“Say it loud, say it clear: Trans athletes are welcome here!” the counterprotesters shouted in response.
And yet as fast as the rhetoric surfaced, it slowed — at least a bit. On Friday, just hours after Thomas won the 500, she was fifth in the 200 freestyle. The notion that she was going to destroy women’s swimming disappeared.
Early the following afternoon, Bailar sat in the back of a cafe in the swim arena, trying to respond to what he called “propaganda” about Thomas. Yes, Thomas is over 6 feet tall and has broad shoulders, but these things aren’t necessarily the advantage they were when Thomas swam for the men’s team.
But it was something Bailar said the day before that might linger as sports organizations grapple with legislation for transgender athletes.
“If you try to police Lia’s body or any other trans woman’s body, then you have to police all women’s bodies,” he said.
To exclude transgender women, sports officials will have to know which athletes are trans and which are not. Organizations will have to come up with a way to test all female athletes.
“What this is doing is creating this box of what a woman can look like, what a woman can perform like [and] what a woman can sound like,” he said. “And at what point is a woman [who is] too good going to be accused of being transgender and thrown out? At what point is a girl too fast, too tall, her bones too big, her shoulders too wide, her hair too short, her appearance too masculine? At what point are they going to be accused of being transgender?”
At the end
By the time Thomas walked onto the pool deck for the 100-yard freestyle Saturday night, the mood had shifted somewhat. It was her final college race, and it seemed a little less lonely around her. The day before, Newsweek published an essay by Texas swimmer Erica Sullivan, who had finished third in the 500, that said Thomas “has been unfairly targeted for … being who she is.”
“As a woman in sports, I can tell you that I know what the real threats to women’s sports are: sexual abuse and harassment, unequal pay and resources and a lack of women in leadership. Transgender girls and women are nowhere on this list,” Sullivan wrote.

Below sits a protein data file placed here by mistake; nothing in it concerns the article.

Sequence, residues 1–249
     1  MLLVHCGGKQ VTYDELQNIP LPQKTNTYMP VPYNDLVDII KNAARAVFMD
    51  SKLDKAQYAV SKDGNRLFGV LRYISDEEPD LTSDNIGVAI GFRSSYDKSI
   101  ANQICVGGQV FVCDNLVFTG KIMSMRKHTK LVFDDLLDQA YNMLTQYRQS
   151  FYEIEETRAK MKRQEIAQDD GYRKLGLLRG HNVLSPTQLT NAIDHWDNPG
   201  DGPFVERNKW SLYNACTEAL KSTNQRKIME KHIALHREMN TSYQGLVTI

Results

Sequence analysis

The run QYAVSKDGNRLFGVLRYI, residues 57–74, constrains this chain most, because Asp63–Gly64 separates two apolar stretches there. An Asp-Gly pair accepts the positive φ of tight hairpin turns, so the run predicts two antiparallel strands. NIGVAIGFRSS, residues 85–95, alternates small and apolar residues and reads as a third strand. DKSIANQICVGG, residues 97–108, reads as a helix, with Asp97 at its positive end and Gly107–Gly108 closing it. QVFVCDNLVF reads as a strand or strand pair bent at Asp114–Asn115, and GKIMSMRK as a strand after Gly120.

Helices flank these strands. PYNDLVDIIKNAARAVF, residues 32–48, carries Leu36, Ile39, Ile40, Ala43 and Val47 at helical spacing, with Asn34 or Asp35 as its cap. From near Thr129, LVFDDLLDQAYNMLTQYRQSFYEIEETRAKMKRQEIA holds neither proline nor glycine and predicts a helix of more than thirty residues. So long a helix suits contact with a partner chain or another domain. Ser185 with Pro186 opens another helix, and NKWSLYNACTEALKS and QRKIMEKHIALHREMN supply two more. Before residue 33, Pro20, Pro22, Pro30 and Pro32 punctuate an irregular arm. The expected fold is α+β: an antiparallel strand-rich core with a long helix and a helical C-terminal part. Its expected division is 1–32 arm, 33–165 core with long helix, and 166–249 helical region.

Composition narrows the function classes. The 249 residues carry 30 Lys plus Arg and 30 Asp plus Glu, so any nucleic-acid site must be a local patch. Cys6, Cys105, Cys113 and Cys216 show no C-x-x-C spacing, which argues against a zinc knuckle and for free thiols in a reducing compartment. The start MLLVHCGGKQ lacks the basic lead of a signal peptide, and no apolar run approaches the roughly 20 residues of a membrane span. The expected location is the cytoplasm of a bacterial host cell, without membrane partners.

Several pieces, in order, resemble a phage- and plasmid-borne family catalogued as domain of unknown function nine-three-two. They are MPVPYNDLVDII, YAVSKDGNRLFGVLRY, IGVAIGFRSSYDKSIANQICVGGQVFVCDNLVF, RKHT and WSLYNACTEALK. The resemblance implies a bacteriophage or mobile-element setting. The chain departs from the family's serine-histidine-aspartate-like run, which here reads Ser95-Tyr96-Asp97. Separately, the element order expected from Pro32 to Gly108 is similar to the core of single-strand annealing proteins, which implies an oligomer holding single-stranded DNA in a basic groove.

Just minutes before Saturday’s final, Wisconsin swimmer Paige McKenna, the winner of the 1,650-yard freestyle, praised Thomas at her postrace news conference.
“I definitely feel for her,” she said. “It was tough coming in here in the situation that she was in. I think with this whole experience we need to treat people with more respect. I respect her so much. Coming in here was really hard, and I think she handled it really well.”
Outside, police had erected steel barriers to keep the Save Women’s Sports protesters from the spectators entering the arena. The protesters had brought bullhorns and shouted at the swimmers’ parents; while a few stopped to talk or take leaflets, most walked by without looking.
Thomas was joined in the 100 by Yale’s Iszac Henig, a transgender male who still swims on the women’s team, making the race the first in college sports to have two known transgender participants. Henig finished fifth in the eight-person race; Thomas was last. Afterward, they posed for pictures and hugged.
For the first time all weekend, Thomas didn’t seem alone on the pool deck.
The mood seemed different as the parents and swimmers headed into the night. Thomas’s mother, Carrie, chased down Henig to introduce herself. Still, a small group of parents debated whether Thomas intentionally lost the last two races, a theory that had been floating around the stands since she finished second in the 200 preliminaries.
A few feet down the hall, a handful of Save Women’s Sports protesters had surrounded a transgender woman with children at home who was covering the event, shouting that she was “not a mother” and ordering her to stay out of “women’s spaces.”
Outside, night was overtaking evening, the sun’s last rays lighting the nearby towers of midtown Atlanta a blazing gold. After the confrontation with the transgender journalist, Save Women’s Sports demonstrators did not return to their spot in front of the arena.
In their place along the steel barriers stood a group of six Georgia Tech students, several of whom were from the school’s Pride Alliance. They stood behind gay and transgender pride flags and held homemade signs that read “We support trans/queer athletes” and “Trans women belong in women’s sports.”
The students said nothing as people walked past. They stood behind the barriers, clutching their signs and occasionally smiling if someone made eye contact. In the distance, birds chirped an early good night, and a soft breeze whispered through the trees. Otherwise, there was silence.